Understanding the Different Trails
It is important to understand trail signage if you don’t want to get into impossible situations. The trails will be identified in two ways: by level and by type. Indeed, there are two types of trails. They can be either flowy or technical. Flowy, or freeride, trails are mostly machine-built and have man-made features. They are normally wider, have fewer natural obstacles, and are faster riding. They are normally identified with an orange oval with their level of difficulty on top.
As of technical trails, they embrace the rugged shape and natural terrain. They also will have more rocks and roots, bumps, and holes. They are usually identified only by their level of difficulty on smaller signs, and with a “lightning” design in them on bigger signs.
There are also five levels of riding difficulties. Beginner trails are with a green circle. Intermediate with a blue square. Advanced, a black diamond. Expert, a double black diamond, and Proline are identified by a red triangle. However, a few mountains have a different coding, so make sure to check it before you hit the trails.
It can sound scary to go to the bike park as we are used to seeing videos of pro riders jumping big gaps and doing crazy stuff. However, this is not the only level available to you. Like any sports, with downhill mountain biking you need to start by the beginning.
Green trails are designed to give you a feel for riding on dirt and down a mountain. Indeed, they are designed wide and with no obstacle. The grade is also pretty small, so you won’t pick up too much speed to start. So, go slow and practice your new skills to be as much comfortable as you can. And then try some more. And remember standing up on your pedal with your feet flat will give you more stability.
Go at Your Own Pace
The most important thing you must remember is to go at your own pace. Indeed, do not try to follow more experience riders if you don’t feel comfortable. That’s how accidents happen. And remember that every rider has its own pace. Some will learn faster and get the hang of it rapidly. Others will need to practice a lot to get at the same place of comfort. But, as long as you’re having fun, who cares how fast you’re going.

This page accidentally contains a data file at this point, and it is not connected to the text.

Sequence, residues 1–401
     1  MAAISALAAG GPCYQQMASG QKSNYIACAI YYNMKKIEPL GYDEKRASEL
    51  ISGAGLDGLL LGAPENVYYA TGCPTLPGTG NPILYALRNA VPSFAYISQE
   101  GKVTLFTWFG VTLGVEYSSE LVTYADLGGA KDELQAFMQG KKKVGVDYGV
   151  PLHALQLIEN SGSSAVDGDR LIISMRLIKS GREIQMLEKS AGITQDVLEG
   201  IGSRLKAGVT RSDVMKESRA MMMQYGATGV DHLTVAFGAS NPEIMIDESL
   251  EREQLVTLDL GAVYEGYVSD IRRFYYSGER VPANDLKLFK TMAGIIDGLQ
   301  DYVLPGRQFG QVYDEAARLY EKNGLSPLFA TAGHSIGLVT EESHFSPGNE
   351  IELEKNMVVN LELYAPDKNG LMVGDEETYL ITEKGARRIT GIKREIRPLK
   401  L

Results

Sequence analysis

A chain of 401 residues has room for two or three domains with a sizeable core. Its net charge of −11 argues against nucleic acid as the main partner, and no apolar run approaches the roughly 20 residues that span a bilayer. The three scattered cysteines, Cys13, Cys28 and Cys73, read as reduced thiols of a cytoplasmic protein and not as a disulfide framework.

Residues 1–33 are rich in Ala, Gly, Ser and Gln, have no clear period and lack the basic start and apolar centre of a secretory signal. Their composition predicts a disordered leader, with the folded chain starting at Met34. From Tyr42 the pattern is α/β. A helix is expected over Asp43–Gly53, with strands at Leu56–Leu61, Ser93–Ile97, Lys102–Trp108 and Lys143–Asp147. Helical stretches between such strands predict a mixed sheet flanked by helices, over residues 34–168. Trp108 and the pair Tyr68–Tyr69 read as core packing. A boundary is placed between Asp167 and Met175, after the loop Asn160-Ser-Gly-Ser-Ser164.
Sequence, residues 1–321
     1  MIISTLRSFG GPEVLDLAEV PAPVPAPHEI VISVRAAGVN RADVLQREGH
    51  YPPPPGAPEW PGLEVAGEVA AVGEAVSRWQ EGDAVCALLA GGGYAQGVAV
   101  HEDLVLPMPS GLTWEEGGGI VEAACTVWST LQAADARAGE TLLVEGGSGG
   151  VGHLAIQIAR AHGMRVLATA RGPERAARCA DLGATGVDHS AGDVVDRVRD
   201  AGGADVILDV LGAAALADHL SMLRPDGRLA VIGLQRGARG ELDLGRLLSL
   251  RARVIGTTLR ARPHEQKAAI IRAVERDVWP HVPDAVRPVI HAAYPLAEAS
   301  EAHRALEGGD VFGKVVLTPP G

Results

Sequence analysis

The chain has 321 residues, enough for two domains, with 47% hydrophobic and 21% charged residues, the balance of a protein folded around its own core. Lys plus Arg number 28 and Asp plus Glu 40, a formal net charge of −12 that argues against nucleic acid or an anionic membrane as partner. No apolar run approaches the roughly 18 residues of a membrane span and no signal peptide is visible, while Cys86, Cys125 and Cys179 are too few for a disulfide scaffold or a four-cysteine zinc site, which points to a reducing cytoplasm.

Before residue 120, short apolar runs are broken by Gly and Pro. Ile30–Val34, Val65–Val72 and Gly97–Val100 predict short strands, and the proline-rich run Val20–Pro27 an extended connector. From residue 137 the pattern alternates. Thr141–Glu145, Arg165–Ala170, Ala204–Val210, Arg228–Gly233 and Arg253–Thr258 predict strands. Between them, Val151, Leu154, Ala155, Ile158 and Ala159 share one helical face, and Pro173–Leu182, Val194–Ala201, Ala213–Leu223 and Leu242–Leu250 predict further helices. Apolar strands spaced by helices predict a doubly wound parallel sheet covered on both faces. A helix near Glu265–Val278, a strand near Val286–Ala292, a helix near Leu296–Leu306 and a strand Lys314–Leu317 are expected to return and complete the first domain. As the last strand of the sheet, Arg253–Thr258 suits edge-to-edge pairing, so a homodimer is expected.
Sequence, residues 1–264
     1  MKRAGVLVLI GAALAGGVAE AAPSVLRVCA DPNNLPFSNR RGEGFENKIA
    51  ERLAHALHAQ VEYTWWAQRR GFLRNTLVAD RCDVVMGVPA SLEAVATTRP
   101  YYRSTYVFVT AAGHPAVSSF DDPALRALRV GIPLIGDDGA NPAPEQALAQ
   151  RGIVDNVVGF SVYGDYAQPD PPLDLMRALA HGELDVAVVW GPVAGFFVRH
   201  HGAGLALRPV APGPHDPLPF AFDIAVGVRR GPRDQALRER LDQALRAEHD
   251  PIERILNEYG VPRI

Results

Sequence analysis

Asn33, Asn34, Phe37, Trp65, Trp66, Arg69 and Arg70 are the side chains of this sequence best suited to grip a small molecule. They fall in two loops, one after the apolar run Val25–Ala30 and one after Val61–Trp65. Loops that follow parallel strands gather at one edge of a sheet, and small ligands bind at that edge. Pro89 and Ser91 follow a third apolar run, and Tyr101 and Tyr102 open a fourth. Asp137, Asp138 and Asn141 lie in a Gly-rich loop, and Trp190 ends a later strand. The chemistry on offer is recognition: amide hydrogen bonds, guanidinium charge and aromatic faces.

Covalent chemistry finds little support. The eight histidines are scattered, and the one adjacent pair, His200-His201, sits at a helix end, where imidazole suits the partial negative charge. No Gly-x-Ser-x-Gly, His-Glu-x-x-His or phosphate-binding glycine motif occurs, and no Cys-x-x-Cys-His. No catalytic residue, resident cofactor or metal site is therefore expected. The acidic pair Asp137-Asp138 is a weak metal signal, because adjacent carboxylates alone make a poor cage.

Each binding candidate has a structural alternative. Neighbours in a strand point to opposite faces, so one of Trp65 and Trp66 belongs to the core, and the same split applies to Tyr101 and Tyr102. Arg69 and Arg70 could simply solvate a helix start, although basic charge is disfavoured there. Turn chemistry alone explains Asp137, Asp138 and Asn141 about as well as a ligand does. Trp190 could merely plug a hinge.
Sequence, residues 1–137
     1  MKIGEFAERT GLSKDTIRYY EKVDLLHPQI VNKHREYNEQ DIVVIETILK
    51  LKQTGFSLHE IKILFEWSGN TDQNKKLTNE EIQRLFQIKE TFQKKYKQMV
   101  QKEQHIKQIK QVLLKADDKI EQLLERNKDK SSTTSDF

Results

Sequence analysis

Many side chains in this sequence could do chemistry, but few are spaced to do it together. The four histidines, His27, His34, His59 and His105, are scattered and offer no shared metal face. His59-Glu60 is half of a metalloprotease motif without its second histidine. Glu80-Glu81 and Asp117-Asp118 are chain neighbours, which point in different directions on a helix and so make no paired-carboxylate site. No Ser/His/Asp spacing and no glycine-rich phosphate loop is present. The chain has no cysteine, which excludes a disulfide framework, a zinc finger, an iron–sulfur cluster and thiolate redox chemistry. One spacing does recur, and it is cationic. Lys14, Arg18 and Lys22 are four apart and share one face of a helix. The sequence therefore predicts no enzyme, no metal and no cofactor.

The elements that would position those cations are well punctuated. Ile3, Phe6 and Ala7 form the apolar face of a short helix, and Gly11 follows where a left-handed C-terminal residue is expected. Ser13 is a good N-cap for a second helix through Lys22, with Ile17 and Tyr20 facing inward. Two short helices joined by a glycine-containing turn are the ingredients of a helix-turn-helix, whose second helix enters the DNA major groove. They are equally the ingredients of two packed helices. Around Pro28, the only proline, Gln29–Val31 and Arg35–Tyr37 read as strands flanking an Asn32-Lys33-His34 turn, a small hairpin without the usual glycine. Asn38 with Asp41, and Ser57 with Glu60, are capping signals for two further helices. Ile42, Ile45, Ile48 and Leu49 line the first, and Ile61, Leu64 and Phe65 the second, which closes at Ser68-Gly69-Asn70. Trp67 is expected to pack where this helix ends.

Once you feel comfortable enough on the green trails, it’s time to get to the next level. So, it’s time to try blue trails and get new basic skills. Blue trails are more flowy and/or technical. They will be steeper and have some rollable obstacles, so you can start practicing those. And once again, go at your own pace. When comfortable, start going faster, or try black trails.
Practice, Practice, Practice
The more you’ll ride, the better you’ll get. It’s with practice that it will become second nature. With practice you’ll understand which lines are easier and how to master obstacles. Downhill mountain biking is about surpassing your fear. So, with practice the jump you once thought impossible will become easy. And the gap that was so scary will become one of your favorite features.
Additionally, it’s always good to remember that most bike parks offer lessons. Group lessons and private lessons. They also have camps. So, if you need an extra boost to up your game, or to understand how to do certain obstacles, they can be a great solution. They are also a nice way to meet riding buddies that are the same level than you.
Downhill mountain biking can look scary. In fact, it is scary. But scary good. With downhill you’ll learn to live in the moment. You can’t think about anything while going down, every ounces of your body will be concentrating on the task at hand. And each time you’ll get a little faster, a little more comfortable; or pass a new feature, you’ll be so proud of yourself. You’ll get a boost of confidence and self-esteem. This is truly a wonderful sport which can be practiced by anyone from 4 to 99 years young. See you out there!
What is the one thing about downhill mountain biking you would have like to know before trying it? Let me know in the comments.